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Volume 22 No. 32
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Athletic Director of the Year

Photo: Courtesy of Arizona State University

Ray Anderson, Arizona State University

The Sun Devils hired Ray Anderson in 2014 to fully tap into the potential of the school’s athletics. Despite having one of the largest undergraduate enrollments in the country, Arizona State didn’t always act or compete like one of the big boys. ASU’s strides forward were never more evident than in the past year.

The most conspicuous example of Arizona State’s growth is the $307 million project to reinvent Sun Devil Stadium. The last of three phases was completed in August 2018. The new lower bowl, replete with new premium seating, and one of the largest video boards in the country will make the stadium a much more prolific revenue generator for athletics.

Anderson also has overseen all-sports growth in the department. He personally made a $1 million lead gift to help reinstate the men’s tennis program and oversaw the addition of men’s ice hockey three seasons ago. ASU became the fastest startup hockey club to make the NCAAs this past season, part of a historic 21-win campaign.

In the two primary revenue sports, the Sun Devils made the postseason in football under first-year coach Herm Edwards last year and won a game in this year’s men’s NCAA Tournament under basketball coach Bobby Hurley, another Anderson hire. 

Photo: Courtesy of the University of Kentucky

Mitch Barnhart, University of Kentucky

When football coach Mark Stoops went 2-10 in his first season at Kentucky in 2013, AD Mitch Barnhart had what seemed like a curious response — he gave Stoops a contract extension. Turns out that Barnhart knew what he was doing.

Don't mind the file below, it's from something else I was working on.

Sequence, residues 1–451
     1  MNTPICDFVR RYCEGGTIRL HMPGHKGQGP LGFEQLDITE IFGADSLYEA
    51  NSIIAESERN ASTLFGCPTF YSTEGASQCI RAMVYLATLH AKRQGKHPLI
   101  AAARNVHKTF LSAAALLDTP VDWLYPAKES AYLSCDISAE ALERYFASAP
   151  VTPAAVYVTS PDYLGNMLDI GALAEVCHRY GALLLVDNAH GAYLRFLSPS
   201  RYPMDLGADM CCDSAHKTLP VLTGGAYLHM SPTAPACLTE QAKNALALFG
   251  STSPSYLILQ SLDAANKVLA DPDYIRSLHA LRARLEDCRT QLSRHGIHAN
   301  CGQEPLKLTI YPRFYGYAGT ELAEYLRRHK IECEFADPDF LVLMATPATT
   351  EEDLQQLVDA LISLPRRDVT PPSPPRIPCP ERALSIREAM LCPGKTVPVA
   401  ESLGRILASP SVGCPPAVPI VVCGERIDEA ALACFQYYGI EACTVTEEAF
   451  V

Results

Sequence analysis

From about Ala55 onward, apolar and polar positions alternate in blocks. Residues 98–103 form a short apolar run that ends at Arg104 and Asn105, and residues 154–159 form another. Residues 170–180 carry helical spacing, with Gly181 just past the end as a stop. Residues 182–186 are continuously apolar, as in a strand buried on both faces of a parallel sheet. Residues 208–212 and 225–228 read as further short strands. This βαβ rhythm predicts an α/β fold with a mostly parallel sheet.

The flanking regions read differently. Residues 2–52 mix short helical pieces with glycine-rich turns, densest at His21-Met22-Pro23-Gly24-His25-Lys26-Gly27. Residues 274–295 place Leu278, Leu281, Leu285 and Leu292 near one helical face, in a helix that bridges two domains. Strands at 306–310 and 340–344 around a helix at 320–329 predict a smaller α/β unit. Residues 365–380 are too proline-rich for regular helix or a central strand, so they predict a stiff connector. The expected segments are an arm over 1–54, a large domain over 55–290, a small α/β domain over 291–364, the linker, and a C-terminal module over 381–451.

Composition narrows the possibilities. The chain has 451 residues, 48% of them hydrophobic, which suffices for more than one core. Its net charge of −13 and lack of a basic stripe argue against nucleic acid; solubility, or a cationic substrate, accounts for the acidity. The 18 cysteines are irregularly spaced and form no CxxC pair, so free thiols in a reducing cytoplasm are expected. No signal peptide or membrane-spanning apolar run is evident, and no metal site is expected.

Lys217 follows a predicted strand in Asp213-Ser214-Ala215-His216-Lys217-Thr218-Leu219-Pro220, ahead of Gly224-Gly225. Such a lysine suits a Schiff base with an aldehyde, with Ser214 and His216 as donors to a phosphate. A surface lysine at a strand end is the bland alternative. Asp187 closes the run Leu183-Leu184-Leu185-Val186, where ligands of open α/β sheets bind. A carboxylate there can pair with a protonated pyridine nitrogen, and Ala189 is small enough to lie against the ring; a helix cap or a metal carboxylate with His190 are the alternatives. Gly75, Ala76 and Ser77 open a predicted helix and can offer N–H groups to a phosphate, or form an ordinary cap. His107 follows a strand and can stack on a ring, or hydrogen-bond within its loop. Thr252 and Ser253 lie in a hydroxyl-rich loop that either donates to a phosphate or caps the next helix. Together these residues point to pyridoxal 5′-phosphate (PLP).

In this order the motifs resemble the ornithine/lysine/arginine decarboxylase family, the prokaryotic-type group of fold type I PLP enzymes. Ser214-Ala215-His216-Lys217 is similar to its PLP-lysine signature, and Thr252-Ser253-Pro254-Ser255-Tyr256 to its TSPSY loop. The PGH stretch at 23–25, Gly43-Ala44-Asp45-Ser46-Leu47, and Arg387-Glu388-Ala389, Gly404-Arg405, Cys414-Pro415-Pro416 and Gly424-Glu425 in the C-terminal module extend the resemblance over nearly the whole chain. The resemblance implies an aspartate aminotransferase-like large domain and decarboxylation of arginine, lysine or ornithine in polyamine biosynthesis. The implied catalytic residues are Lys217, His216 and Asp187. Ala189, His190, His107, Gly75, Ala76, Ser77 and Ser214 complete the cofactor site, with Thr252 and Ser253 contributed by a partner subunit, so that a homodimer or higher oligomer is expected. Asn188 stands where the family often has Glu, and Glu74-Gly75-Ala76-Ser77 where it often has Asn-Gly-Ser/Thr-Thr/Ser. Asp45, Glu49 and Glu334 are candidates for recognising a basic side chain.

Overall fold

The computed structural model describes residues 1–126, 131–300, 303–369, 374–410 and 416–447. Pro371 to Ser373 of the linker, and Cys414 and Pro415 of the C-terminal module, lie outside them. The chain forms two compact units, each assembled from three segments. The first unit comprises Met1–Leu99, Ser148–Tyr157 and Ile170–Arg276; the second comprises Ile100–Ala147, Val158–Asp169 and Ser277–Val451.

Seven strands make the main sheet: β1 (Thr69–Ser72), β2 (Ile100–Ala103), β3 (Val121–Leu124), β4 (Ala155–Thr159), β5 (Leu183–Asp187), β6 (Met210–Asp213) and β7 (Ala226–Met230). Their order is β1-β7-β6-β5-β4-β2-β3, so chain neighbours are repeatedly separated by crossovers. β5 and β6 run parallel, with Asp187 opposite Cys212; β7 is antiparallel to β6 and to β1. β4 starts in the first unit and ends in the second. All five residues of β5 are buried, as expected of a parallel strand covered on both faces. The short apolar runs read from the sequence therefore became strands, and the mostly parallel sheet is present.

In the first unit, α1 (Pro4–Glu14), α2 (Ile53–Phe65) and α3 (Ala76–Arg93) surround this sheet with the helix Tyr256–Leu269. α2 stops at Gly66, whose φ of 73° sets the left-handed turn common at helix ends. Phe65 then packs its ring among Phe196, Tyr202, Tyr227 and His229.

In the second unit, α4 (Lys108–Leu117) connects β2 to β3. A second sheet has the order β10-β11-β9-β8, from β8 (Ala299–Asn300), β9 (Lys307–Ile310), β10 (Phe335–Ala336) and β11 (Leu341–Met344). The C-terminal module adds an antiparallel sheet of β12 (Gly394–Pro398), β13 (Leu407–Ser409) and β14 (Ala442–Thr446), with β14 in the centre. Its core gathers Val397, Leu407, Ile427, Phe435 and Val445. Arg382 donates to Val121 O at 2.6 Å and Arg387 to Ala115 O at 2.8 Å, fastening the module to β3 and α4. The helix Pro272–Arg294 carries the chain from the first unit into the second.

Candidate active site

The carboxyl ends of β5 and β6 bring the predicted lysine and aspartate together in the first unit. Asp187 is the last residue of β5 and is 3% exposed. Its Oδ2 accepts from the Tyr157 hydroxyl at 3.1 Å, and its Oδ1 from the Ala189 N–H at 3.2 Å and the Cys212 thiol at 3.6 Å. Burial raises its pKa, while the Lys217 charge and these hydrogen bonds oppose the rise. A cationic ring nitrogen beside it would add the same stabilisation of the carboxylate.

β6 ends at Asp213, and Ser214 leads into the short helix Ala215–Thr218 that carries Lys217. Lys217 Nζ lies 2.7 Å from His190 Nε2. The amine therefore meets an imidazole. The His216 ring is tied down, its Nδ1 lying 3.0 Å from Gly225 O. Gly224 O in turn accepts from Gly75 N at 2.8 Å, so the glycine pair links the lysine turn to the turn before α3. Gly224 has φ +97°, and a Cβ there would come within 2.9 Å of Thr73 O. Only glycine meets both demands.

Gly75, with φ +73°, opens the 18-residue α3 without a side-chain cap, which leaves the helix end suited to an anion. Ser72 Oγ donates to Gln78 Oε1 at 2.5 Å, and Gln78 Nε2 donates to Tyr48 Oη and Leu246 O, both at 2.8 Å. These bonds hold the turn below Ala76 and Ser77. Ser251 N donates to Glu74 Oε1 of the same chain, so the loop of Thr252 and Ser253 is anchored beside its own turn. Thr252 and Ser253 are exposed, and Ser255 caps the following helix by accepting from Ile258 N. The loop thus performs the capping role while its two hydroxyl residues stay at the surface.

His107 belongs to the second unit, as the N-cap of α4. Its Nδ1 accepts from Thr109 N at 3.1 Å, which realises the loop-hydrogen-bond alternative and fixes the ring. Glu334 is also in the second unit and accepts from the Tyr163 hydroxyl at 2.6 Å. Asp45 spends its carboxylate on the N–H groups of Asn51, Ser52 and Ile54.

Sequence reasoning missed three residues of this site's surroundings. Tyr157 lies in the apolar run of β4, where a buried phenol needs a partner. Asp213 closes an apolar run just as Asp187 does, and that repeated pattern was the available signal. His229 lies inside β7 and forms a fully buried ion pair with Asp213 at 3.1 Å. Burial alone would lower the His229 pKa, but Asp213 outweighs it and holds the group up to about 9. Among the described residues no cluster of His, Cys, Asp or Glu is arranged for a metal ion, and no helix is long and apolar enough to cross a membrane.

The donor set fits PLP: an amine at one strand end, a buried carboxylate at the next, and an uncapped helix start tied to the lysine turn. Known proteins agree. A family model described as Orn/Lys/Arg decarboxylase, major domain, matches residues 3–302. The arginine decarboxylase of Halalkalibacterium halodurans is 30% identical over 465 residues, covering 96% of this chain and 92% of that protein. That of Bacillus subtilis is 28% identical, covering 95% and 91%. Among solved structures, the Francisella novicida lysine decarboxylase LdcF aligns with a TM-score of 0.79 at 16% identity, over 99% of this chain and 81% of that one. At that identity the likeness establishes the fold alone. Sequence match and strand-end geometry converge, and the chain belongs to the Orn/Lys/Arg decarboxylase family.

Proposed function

The school known for its men’s basketball tradition has found its footing in football. The Wildcats went 10-3 last season and Stoops recorded one of the signature victories in his six seasons by beating Penn State in the Outback Bowl.

That only begins to tell the 2018-19 story for Barnhart, who is the second-longest tenured AD in the power five, having started at UK in 2002. Only Oklahoma’s Joe Castiglione has been at the same school longer.

Barnhart took another giant stride toward transforming UK’s athletic campus around the football stadium by opening Kentucky Proud Park, the school’s new $49 million baseball stadium, in February. The Wildcats have been succeeding in the Olympic sports as well, evidenced by a 17th-place showing in the 2018 Learfield Directors’ Cup, their seventh straight top-30 finish.

Under the radar, Barnhart has led UK athletics to a balanced budget without any state funding. He also initiated an arrangement with student government to end student athletic fees as part of a new ticketing plan. 

Photo: Scott Eklund / Red Box Pictures

Jennifer Cohen, University of Washington

Washington has emerged as the class of the Pac-12 in recent years, by almost any measure, in the top two revenue sports. The Huskies have won the league’s football championship two of the last three years, advancing to the College Football Playoff in 2016. They also dominated men’s basketball this past season with a 15-3 conference mark, further validating coach Mike Hopkins’ hire two years ago.